February 10, 1936.
Robert L. Aronson, of St. Louis, Mo., and Arthur R. Felsen and James R. McMurdo, both of East St. Louis, Ill., for plaintiff.
Roy McKittrick, Atty. Gen., of Missouri, Edward H. Miller, Asst. Atty. Gen., of Missouri, and Fred M. Switzer, Jr., and James T. Blair, both of St. Louis, Mo., for defendants.
Before FARIS, Circuit Judge, and DAVIS and MOORE, District Judges.
The plaintiff in this action seeks a temporary and a permanent injunction restraining the defendants from enforcing certain sections of the Liquor Control Act of the State of Missouri, on the ground that said sections infringe the commerce clause of the Constitution (Const. art. 1, § 8, cl. 3) and the equal protection clause of the Fourteenth Amendment.
The case was heard by a statutory three-judge court.
The application for a temporary injunction and the case on the merits were submitted to the court at the same time.
Finding of Facts.
The facts were stipulated by the parties, and the court adopts the same by reference as the finding of facts in this cause, the same as though they were expressly set out herein.
The Liquor Control Act of Missouri, Laws of Missouri 1935, p. 273, § 21-a-2 (Mo.St.Ann. § 4525g-25a, p. 4689), provides in part: "It shall be unlawful for any person, firm, partnership or corporation residing without this state to solicit, receive or take orders for the sale of intoxicating liquor within this state except by or through a duly licensed wholesale liquor dealer who shall be considered for the purpose of this Act as the agent of said non-resident person, firm, partnership or corporation or to haul or transport intoxicating liquor, or cause to be hauled or transported intoxicating liquor, in any manner whatsoever in or into this state, for sale, or storage and sale in this state, unless the same has been ordered by such duly licensed wholesale liquor dealer. The books and records of all such licensees, and their principals, as to sales made for delivery in Missouri, shall be at all times open to the inspection of the Supervisor of Liquor Control."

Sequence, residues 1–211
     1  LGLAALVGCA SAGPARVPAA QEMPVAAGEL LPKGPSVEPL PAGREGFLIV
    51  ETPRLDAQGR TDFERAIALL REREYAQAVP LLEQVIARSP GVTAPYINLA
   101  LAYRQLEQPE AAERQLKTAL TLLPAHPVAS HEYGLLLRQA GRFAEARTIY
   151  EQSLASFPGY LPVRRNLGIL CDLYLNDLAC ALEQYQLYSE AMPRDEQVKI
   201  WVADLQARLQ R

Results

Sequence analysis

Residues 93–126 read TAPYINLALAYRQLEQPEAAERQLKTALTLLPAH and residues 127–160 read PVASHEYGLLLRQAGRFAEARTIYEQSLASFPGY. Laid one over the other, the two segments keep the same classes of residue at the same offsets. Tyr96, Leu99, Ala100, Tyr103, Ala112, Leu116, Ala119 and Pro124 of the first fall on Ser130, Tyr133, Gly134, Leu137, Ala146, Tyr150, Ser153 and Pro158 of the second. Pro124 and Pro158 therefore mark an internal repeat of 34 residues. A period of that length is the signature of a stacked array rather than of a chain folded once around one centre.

Section 30-d (Mo.St.Ann. § 4525g-33d, p. 4689) provides: "It shall be unlawful for any person in this state holding a license or permit to sell beer or malt liquors or holding any retail liquor dealer's license or permit, to purchase any such beer, malt liquor, or intoxicating liquor, from any person other than the brewer, manufacturer, or distiller thereof, or a regularly licensed wholesaler or distributor of beer, malt liquor, or other intoxicating liquor, in the case of malt liquor, and other intoxicating liquor, brewed, manufactured or distilled, in this state; or, to purchase from any brewer, manufacturer, or distiller, any intoxicating liquor, manufactured outside of this state, except through a wholesaler or distributor, in this state holding, and operating under, a license or permit issued by the Supervisor of Liquor Control."
The act further provides that a wholesale dealer in this state shall pay an annual license fee of $500, and that a nonresident must pay the same fee in order to sell intoxicating liquors in this state. The plaintiff has paid this fee and is authorized to sell liquors in this state. Plaintiff cannot, however, sell directly to a retail liquor dealer, but must sell to a wholesale dealer in this state, or through such wholesale dealer to the retail dealer.
This constitutes the basis of the contention in this case. The plaintiff contends to require it to pay the same license fee that the Missouri wholesale dealer is required to pay, and then to prohibit plaintiff from selling liquor to the retail dealer as the resident wholesale dealer may do, places a burden upon interstate commerce, and deprives plaintiff of the equal protection of the law under the Fourteenth Amendment.